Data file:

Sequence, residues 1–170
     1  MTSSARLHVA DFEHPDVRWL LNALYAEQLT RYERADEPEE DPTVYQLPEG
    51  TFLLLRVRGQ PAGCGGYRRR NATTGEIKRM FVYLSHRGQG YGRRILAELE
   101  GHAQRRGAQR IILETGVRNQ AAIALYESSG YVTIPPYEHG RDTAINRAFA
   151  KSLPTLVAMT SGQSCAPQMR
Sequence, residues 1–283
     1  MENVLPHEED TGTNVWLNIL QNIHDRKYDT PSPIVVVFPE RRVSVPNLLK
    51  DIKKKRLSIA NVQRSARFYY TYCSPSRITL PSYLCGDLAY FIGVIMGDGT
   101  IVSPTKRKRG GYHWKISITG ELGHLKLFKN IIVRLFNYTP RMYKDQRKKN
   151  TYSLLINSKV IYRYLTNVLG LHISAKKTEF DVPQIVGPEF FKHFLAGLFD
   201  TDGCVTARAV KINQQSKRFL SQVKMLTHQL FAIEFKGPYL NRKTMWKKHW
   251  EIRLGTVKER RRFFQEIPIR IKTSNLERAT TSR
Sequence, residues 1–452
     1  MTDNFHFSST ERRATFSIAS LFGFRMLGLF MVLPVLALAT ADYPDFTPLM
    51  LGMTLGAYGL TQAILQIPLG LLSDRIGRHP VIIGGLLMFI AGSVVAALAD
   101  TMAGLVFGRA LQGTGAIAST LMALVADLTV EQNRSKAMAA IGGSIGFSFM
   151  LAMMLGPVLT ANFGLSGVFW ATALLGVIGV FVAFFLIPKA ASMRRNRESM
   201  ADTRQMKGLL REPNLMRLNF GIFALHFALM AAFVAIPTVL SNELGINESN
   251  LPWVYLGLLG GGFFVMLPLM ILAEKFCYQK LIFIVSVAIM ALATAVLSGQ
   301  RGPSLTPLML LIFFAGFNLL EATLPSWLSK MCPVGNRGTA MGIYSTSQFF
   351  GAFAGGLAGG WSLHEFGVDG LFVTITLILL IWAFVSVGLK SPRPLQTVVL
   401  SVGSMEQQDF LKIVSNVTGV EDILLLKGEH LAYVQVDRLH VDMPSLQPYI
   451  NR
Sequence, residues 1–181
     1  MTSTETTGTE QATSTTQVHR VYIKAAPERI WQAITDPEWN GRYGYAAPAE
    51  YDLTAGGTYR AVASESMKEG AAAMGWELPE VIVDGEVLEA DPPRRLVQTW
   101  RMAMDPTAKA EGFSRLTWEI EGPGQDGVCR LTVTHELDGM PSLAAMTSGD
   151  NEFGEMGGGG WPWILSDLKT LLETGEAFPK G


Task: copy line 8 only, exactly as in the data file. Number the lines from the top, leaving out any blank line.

    51  DIKKKRLSIA NVQRSARFYY TYCSPSRITL PSYLCGDLAY FIGVIMGDGT